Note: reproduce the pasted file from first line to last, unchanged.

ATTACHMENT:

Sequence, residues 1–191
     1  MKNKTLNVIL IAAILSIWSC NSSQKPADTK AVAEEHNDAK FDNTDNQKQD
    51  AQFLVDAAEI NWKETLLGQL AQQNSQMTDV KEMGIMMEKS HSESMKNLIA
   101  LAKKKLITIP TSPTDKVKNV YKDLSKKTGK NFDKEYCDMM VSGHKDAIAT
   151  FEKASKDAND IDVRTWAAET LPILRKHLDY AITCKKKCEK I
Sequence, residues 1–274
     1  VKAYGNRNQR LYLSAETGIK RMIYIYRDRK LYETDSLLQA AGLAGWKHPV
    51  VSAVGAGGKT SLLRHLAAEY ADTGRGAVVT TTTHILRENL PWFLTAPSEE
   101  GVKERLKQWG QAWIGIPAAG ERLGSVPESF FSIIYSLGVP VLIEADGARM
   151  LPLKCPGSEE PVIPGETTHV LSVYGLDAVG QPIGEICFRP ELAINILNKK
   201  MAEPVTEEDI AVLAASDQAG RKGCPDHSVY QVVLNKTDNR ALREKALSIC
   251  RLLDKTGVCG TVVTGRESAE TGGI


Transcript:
Sequence, residues 1–191
     1  MKNKTLNVIL IAAILSIWSC NSSQKPADTK AVAEEHNDAK FDNTDNQKQD
    51  AQFLVDAAEI NWKETLLGQL AQQNSQMTDV KEMGIMMEKS HSESMKNLIA
   101  LAKKKLITIP TSPTDKVKNV YKDLSKKTGK NFDKEYCDMM VSGHKDAIAT
   151  FEKASKDAND IDVRTWAAET LPILRKHLDY AITCKKKCEK I
Sequence, residues 1–274
     1  VKAYGNRNQR LYLSAETGIK RMIYIYRDRK LYETDSLLQA AGLAGWKHPV
    51  VSAVGAGGKT SLLRHLAAEY ADTGRGAVVT TTTHILRENL PWFLTAPSEE
   101  GVKERLKQWG QAWIGIPAAG ERLGSVPESF FSIIYSLGVP VLIEADGARM
   151  LPLKCPGSEE PVIPGETTHV LSVYGLDAVG QPIGEICFRP ELAINILNKK
   201  MAEPVTEEDI AVLAASDQAG RKGCPDHSVY QVVLNKTDNR ALREKALSIC
   251  RLLDKTGVCG TVVTGRESAE TGGI